Gore clings to the notion that preschool improves children’s early school performance which, in turn, improves later school performance. “Quality preschool can lead to higher IQs, higher reading and achievement levels, higher graduation rates and greater success in the workplace,” says Gore, echoing President Johnson’s early optimism. Of course the difference today is: we know better.
Consider the views of child‐development scholar Edward Zigler, a founder of Head Start. As far back as 1987, when educators were debating the merits of universal preschool, he warned, “This is not the first time universal preschool education has been proposed…[In the past], as now, the arguments in favor of preschool education were that it would reduce school failure, lower dropout rates, increase test scores, and produce a generation of more competent high school graduates….Preschool education will achieve none of these results.”
What Zigler recognized is that a child’s academic and personal growth turn on a lot more than preschool. Family, natural abilities, neighborhood, and life experiences easily outweigh the influence of preschool. Preschools may teach children how to count, follow directions, and get along; Zigler himself favors universal preschool as a means to achieve school readiness. But preschool alone, like Head Start alone, confers no lasting advantage. To put all children on an equal footing would require genetic engineering, surrogate parents, and for many kids, home away from home.
Underlying moves for more government preschool programs is the mistaken idea that today’s preschoolers aren’t prepared for kindergarten. The quiet truth is that 70 percent of preschool‐aged children already attend preschools, and the gap in participation rates between preschoolers from high‐ and low‐income families has narrowed from 28 percentage points to just 13 points. And, call it old‐fashioned, but some parents still prefer to care for their preschoolers at home.
Whether in preschools or with parents, a recent study of children entering kindergarten by the Department of Education found that kids are in top shape on factors kindergarten teachers say are the most important for school readiness–physical health, enthusiasm, and curiosity. In terms of concrete reading and math skills, nearly all, 94 percent, are proficient at recognizing numbers, shapes and counting to 10, and two in three know their ABCs.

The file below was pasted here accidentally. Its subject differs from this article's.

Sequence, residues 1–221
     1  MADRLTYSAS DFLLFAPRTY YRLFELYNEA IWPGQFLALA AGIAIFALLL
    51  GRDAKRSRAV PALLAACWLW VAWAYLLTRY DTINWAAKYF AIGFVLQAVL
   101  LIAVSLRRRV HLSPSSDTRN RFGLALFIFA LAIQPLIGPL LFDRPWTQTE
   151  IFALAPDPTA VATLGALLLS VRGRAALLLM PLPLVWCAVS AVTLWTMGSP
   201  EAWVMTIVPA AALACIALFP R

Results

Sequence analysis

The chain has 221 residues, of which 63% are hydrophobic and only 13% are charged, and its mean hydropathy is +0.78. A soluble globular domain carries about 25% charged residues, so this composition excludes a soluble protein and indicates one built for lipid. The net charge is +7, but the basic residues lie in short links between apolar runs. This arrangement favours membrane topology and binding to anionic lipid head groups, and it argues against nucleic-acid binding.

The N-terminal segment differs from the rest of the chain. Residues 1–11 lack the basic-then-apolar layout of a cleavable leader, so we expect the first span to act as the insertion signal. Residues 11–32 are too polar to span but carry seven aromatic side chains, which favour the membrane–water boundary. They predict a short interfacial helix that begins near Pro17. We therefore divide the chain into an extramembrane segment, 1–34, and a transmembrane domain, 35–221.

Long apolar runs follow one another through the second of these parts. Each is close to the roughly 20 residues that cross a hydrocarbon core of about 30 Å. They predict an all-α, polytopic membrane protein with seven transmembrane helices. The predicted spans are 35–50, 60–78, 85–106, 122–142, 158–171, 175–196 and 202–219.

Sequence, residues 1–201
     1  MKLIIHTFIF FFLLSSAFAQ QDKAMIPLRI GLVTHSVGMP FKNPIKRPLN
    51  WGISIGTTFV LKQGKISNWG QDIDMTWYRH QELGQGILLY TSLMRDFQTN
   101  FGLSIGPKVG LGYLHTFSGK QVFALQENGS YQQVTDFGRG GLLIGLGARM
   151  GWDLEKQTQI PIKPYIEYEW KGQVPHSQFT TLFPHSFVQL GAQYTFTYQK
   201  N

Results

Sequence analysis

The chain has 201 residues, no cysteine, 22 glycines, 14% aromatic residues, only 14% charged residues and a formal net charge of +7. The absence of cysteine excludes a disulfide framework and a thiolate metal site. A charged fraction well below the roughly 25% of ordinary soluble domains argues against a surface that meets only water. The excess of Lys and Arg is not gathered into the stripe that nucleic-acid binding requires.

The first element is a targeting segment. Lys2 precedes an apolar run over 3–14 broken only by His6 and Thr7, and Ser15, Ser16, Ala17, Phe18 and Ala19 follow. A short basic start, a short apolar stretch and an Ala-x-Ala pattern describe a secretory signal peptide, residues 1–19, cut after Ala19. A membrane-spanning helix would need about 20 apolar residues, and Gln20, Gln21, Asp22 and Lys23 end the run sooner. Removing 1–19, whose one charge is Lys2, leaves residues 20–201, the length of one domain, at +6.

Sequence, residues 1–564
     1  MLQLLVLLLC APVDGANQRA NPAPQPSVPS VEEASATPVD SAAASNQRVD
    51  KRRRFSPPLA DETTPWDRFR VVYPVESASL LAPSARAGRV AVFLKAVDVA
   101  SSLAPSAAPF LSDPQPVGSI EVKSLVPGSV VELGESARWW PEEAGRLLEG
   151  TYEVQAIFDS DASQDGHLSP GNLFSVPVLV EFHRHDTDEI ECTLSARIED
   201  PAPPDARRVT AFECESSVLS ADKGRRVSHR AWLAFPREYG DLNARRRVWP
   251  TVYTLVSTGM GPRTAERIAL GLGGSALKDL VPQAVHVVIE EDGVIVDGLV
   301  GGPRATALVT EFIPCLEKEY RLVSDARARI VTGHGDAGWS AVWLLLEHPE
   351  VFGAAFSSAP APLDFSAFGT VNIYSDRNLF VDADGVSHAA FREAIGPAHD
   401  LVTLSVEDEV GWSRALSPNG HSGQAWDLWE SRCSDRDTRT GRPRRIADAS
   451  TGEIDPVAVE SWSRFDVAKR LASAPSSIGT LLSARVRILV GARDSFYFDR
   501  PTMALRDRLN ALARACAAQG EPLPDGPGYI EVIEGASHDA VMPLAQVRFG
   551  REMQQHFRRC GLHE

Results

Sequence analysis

It’s also in the early years when American students are most competitive internationally. Consider France, England, Denmark, Spain and Belgium where more than 90 percent of 4‐year‐olds attend public preschools. International tests show that by age 9, when the benefits of preschool should be most apparent, American children outscore nearly all of their universally preschooled peers on tests of reading, math, and science.
While American children start school better prepared than ever, the overall performance of older students continues to decline. Tests show that by eighth grade, Americans start sliding down the international curve. By 12th grade, they hit bottom. The reasons for that decline are debatable‐maybe it’s low parental involvement, maybe it’s cultural change, maybe it’s stagnant government schools or some combination thereof. But one thing is certain, it’s time to stop blaming preschoolers for the nation’s education woes.
In any case, the desirability of programs like Head Start and universal preschool should not hinge only on whether preschool works. More basic is the moral question of whether the government should entrench itself still further in the schooling of children. On this question, both presidential contenders are swimming against a powerful tide–witness the increasing demand across the states for alternatives to government‐run schools and the growth of multi‐million‐dollar private scholarship funds, homeschooling, voucher initiatives and tax credits. Parents are working to loosen the government’s grip on education, even as politicians are seeking to extend that hold to preschoolers.
After 35 years without success, it’s time politicians reconsider the wisdom of Head Start. When they do, it will be time to let the program go.